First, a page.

Could it be the bombing of their villages?
Could it be mass starvation and disease caused by sanctions that won´t allow even the most basic of necessities to reach dying families?
Could it be persecution by militia forces, government sponsored and funded, against civilian populations?
It is simpler to label them as criminals, madmen, fanatics.
Meanwhile wars continue in faraway places and remain ignored by the mainstream media.
Folks die in streets and fields faraway.
Without media attention, they go unmourned and forgotten – unpersons.
Children die in faraway places lacking food, clean water, medicine, yet little is reported and nothing is done to assist them.
Infant mortality (under 1 year) rates, 2013
They too are unpersons of little consequence, because they are not in our neighbourhood.
The voices of hate and division seem louder these days and everyone is encouraged to live in a climate of fear and distrust.
But, don´t worry, violence will respond to violence and everyone will be safe and secure.
At least until the next attack…
Donald Trump is only one of many political leaders in the world who use fear and flags to manipulate people.
Yet I presevere.
Yet we must presevere.
In a little village, a stone´s throw away from Heiden, is a 4-year-old boy named Alex who loves his teacher.
In a school devoted to teaching German, I teach an actor how to speak English to qualify as a flight attendant and whose company is more entertaining than an episode of Friends.
In a café where clients are ever impatient and problematic I work with a fine crew of individuals from various ends of the Earth and local yokels who work their hearts out to do the best possible job they can even if it is done in the shadows of obscurity.
They are a damn fine bunch of people.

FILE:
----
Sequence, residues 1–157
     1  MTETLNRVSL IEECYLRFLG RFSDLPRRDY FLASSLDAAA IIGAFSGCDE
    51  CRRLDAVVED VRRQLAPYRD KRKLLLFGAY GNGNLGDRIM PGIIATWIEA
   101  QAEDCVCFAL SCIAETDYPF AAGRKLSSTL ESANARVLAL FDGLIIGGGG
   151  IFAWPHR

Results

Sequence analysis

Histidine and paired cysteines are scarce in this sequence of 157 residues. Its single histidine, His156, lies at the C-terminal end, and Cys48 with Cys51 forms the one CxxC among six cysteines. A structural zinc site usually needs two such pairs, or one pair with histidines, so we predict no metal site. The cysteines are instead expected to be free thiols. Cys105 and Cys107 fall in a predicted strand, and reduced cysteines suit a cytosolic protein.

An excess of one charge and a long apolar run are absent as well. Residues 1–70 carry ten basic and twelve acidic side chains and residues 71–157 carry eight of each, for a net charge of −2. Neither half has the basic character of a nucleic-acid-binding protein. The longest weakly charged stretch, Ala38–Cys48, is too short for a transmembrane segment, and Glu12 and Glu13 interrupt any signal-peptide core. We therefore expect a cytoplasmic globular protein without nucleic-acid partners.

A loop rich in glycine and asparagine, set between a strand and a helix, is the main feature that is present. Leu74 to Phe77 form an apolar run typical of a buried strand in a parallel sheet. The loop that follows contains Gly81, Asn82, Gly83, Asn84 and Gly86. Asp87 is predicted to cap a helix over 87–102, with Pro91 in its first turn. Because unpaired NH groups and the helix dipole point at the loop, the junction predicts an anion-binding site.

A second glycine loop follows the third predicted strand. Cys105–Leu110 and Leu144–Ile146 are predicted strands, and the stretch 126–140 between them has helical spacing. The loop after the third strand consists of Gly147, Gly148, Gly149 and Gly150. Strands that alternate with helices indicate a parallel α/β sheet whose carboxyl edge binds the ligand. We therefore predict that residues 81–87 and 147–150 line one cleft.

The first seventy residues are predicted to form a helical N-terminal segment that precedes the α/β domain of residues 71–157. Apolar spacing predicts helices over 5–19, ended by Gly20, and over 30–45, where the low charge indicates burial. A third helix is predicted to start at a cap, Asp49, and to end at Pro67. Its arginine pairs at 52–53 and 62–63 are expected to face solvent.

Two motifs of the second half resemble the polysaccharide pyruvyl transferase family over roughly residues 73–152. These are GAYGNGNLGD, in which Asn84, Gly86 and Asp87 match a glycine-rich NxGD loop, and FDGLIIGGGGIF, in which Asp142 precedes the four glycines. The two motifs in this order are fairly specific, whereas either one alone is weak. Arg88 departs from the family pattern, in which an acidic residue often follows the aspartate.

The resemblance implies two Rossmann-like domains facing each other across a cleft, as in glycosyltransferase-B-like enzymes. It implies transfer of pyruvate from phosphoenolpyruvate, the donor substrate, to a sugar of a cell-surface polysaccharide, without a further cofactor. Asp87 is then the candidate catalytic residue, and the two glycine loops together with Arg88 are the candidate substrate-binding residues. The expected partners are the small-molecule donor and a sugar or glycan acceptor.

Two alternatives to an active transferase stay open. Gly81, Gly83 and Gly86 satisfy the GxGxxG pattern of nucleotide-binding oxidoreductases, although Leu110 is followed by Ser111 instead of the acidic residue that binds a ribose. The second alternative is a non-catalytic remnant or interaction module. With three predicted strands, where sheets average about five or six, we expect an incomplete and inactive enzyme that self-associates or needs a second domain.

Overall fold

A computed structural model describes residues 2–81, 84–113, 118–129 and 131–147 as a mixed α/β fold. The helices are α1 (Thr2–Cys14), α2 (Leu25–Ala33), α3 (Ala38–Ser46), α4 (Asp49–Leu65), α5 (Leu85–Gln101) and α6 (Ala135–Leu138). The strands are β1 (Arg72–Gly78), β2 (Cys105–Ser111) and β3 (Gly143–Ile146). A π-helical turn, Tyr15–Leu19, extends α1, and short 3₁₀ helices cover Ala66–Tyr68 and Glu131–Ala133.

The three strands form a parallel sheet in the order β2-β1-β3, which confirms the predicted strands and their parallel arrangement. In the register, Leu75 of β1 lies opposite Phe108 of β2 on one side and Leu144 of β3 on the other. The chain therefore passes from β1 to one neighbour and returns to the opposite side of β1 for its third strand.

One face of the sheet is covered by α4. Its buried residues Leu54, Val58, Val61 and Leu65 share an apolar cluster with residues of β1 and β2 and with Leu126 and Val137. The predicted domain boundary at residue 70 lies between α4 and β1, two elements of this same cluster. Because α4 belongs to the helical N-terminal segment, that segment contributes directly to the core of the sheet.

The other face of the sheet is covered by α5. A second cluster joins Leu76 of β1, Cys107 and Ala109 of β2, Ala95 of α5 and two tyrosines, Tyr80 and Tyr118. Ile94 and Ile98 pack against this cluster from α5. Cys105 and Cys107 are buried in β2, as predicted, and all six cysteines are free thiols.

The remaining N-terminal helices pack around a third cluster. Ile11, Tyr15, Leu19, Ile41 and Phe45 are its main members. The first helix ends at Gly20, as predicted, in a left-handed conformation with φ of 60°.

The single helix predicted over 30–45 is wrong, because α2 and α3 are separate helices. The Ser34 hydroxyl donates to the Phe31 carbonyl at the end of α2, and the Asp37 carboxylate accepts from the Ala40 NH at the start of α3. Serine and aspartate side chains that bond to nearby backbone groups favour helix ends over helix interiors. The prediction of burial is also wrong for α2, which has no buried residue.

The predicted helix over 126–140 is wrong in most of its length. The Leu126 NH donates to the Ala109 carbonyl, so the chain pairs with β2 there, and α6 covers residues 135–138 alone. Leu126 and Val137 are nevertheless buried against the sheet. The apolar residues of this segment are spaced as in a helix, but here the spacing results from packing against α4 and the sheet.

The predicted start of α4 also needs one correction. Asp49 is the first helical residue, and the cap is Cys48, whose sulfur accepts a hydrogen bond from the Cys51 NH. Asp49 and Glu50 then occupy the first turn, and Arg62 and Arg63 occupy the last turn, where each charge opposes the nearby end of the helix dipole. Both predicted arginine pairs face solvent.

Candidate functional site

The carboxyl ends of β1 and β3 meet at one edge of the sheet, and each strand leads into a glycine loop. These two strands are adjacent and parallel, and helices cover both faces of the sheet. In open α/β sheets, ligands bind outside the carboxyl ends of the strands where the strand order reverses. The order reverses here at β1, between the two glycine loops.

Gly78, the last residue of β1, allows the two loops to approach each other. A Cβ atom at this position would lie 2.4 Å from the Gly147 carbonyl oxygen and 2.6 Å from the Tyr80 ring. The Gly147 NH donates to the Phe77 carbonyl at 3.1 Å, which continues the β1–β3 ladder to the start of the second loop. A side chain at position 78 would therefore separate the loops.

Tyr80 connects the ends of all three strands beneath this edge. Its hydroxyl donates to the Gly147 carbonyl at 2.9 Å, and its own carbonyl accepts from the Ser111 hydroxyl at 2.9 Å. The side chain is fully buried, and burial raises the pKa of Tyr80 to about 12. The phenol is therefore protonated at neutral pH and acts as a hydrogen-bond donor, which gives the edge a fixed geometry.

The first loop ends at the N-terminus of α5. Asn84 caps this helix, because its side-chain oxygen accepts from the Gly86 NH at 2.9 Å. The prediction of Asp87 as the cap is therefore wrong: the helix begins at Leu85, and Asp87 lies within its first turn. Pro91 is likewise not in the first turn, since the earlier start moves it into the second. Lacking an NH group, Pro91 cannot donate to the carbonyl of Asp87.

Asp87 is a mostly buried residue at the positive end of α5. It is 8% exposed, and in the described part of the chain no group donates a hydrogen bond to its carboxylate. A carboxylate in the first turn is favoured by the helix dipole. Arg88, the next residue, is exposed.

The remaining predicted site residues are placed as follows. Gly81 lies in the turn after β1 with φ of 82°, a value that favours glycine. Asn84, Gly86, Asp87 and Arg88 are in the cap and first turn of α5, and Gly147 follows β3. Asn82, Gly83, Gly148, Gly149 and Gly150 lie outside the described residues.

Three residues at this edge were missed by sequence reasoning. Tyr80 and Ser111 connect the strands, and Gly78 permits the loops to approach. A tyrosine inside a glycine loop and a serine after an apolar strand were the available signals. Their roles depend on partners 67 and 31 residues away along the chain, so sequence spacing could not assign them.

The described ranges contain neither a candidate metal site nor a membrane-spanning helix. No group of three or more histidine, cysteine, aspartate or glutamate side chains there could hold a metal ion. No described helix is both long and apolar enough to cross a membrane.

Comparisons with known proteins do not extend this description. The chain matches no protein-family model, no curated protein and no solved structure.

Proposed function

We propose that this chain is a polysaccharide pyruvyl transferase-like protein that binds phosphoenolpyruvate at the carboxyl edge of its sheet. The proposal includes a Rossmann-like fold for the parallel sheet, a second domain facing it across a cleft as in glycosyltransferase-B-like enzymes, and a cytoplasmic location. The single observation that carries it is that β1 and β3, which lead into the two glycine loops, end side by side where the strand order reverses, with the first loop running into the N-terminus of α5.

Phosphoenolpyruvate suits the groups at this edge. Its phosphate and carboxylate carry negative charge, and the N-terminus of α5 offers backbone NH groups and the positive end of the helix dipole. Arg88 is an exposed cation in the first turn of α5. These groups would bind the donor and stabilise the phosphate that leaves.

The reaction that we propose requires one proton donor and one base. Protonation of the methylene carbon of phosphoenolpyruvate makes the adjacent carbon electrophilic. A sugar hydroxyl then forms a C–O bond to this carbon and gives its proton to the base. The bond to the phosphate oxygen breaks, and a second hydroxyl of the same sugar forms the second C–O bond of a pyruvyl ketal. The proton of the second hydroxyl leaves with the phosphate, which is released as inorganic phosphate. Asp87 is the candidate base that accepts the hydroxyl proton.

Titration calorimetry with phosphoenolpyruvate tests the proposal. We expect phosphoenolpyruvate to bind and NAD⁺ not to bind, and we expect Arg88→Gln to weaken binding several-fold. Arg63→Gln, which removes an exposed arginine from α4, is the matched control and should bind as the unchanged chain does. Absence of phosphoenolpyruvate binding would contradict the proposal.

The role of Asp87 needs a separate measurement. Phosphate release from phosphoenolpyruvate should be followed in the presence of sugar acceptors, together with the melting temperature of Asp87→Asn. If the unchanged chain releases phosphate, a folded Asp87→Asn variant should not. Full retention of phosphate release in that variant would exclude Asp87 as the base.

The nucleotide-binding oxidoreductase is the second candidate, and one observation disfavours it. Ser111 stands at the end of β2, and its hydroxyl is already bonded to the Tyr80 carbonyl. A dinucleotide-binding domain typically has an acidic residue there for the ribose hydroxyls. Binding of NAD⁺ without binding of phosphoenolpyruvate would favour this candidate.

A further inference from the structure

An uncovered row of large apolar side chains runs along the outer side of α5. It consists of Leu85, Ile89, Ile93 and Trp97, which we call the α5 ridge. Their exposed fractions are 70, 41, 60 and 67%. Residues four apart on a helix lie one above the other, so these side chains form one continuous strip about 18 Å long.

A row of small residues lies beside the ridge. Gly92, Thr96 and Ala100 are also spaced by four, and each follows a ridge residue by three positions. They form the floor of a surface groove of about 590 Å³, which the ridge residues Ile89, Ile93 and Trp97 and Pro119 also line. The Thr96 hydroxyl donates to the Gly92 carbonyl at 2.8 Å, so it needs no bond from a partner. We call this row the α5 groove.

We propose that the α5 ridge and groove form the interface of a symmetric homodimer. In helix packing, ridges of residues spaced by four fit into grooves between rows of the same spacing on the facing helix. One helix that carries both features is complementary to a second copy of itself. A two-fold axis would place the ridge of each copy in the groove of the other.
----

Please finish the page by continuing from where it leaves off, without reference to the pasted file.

It is for Alex, it is for the actor, it is for the Starbucks crew, that I find within myself the strength of mind to yet again stumble out my door and face the world.
Yes, the world is not a Utopia.
Yes, it seems that every day the world is becoming more and more of a dystopia.
But it is for them that I presevere.
I live in the moment.
I may distract myself too often electronically, but I always come back to my responsibilities to others and by focusing on them I forget to be depressed.
And this is my message to you who may be reading this:
Focus on others and this love will multiply.
Work on what you can control and leave the rest.
Bad things may happen to good people, but if we stick together we can survive anything.
Refuse to hate those whom you do not understand.
Refuse to live a life in fear of consequence, but simply try to do what´s right.
If anything this past week has taught me is that there are no guarantees in life.
Death can happen to anyone at anytime anywhere.
Poverty or sickness or madness can strike anyone anytime anywhere.
And the bomber will always get through.
We are fools to think that we can truly protect ourselves from the future.
But we have now, this moment.
Love, laugh, celebrate life, help others where and when you can, and speak truth to power when you have the chance, for only our silence gives them power over us.
Otherwise those in the pursuit of power and the greed for gold will make our lives meaningless.
And there is a 4-year-old boy in the tiny hamlet of Zelg who in his innocence shows me that my life does indeed have meaning and purpose.
And there is a woman who has shared my life for 20 years who makes me weak and strong both at the same time.
Every life has meaning.
Our lives touch others.
Make each moment count.